Another example of this love in action comes from Evelyn’s pregnancy. Instead of finding ways to abort their unborn child, they go to every measure possible to save it. Instead of saying, “We shouldn’t bring this child into this world of suffering,” they choose the baby, in what was (probably) an unplanned pregnancy. 

The baby is born in less-than-ideal conditions: Evelyn gives birth by herself in a dirty bathtub, with the monstrous creature ten feet away, after she’s just stepped on a nail. That decision expresses the value of the baby’s life to the audience without making a conspicuous pro-life argument. The grit and strength of the mother to care for her children shines through both movies. She demonstrates strength and courage in protecting her children (Joshua 1:9). 

As for the father, Lee ultimately sacrifices himself. This follows the biblical perspective of a husband’s duty to his wife (and by extension, his family): to love her as Christ loves the church (Ephesians 5:25). This means dying on their behalf if necessary, as Christ did for us. Sacrifice is at the center of biblical love. As a father figure, Lee reflects God the father’s love for his children. 

John Krasinski seems to enact this message in his everyday life. He shared in the Esquire interview that, while shooting the movie, he carved out time every day to have breakfast with his family and walk his kids to school. 

The importance of independence 

Krasinski explains the message of the second movie in an interview saying, “If the first movie is about parenthood and the promise that you make to your kids that I’ll keep you safe no matter what—that’s, that’s inevitably a false promise. . . . The second one is about that promise being broken and it’s about growing up and it’s about moving on and dealing with loss.” He continues, “For me this whole movie becomes about community. It’s about who do you trust in dark times and the power of relying on other people in dark times.” 

This message may be hard for many parents to learn. 

In the second movie, Regan (played by Millicent Simmonds) becomes the focus as she strikes out on her own to try to give the upper hand to humanity by broadcasting the feedback from her hearing aid to weaken the monsters. Simmonds, herself deaf in real life, plays the lead role with vivid emotions and excellent acting.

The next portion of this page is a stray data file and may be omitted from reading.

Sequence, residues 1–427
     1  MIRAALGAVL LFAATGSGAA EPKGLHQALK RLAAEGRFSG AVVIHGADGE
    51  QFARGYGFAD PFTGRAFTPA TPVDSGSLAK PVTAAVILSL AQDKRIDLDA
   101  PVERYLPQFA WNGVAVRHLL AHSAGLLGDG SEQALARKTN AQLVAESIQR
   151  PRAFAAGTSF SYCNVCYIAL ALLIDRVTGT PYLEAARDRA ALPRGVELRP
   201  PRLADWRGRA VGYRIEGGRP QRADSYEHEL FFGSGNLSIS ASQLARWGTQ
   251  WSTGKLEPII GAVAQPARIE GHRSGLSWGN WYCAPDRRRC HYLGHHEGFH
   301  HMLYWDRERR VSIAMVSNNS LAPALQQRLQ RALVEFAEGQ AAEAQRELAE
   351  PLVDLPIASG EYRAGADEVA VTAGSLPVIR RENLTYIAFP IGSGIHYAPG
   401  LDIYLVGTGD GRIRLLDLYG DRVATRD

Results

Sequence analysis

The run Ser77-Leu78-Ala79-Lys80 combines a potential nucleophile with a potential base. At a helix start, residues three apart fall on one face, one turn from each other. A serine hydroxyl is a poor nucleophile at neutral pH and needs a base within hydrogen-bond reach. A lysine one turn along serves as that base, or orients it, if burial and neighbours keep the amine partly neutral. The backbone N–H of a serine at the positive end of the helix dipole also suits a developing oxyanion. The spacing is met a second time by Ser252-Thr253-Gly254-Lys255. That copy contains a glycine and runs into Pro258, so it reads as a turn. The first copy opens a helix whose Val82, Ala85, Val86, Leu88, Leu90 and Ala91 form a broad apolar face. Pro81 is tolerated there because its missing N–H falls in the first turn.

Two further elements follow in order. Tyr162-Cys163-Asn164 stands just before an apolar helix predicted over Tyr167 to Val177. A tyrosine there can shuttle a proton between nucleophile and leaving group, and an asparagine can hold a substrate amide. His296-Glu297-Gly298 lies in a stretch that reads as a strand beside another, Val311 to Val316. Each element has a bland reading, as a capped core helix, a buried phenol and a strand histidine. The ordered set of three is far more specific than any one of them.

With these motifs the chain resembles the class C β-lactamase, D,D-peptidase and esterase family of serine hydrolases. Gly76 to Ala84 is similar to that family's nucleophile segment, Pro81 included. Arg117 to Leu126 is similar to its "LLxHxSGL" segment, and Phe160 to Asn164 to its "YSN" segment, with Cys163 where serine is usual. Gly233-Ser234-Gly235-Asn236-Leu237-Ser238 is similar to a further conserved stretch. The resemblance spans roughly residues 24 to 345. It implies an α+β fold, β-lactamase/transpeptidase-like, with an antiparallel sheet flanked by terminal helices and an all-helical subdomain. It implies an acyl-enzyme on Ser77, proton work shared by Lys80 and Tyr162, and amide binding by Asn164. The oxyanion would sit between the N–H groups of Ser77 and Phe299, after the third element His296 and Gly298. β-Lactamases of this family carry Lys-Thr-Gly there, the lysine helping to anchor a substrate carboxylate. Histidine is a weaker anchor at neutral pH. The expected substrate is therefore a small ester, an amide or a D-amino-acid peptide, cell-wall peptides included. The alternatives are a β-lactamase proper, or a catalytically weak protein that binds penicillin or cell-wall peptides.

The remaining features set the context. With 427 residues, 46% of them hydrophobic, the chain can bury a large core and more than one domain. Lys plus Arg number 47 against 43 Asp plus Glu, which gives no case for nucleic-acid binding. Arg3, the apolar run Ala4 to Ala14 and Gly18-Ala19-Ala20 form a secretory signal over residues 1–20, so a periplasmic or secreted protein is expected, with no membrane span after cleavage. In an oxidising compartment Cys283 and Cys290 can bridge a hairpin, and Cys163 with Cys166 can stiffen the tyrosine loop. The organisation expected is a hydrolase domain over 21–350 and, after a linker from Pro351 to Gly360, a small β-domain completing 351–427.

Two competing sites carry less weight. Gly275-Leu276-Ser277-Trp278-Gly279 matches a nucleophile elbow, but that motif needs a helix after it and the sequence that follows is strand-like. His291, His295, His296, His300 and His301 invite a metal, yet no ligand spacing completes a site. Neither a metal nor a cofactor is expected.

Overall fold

Parents must, at some level, let go of their children and entrust them to learn from others in their community. Their children need to grow their character, make faith their own, and learn who they are, even though the world is a dangerous, difficult place (but thankfully not quite as dangerous and difficult as the world in A Quiet Place).

The deep need for parental modeling 

To any parents feeling sadness at that notion, consider another beautiful lesson of the movie from Regan’s story arc. Continually, the movie hearkens back to Lee’s death, and Regan’s character is compared to her father’s. Instead of feeling embittered by her father’s sacrifice, she chooses to follow his example of bravery and love. 

In his review for the Gospel Coalition, Brett McCracken writes, “As a parent, this film reminded me that no book, YouTube video, or Instagram influencer will train my sons in virtue more potently than my wife and I modeling it for them in authentic, non-hypocritical ways.” 

John Krasinski and his team have developed a beautiful, dual lesson in these two movies. They teach the importance of a strong family and sending young adults into the world, hopefully armed with an example of wisdom and love from their parents.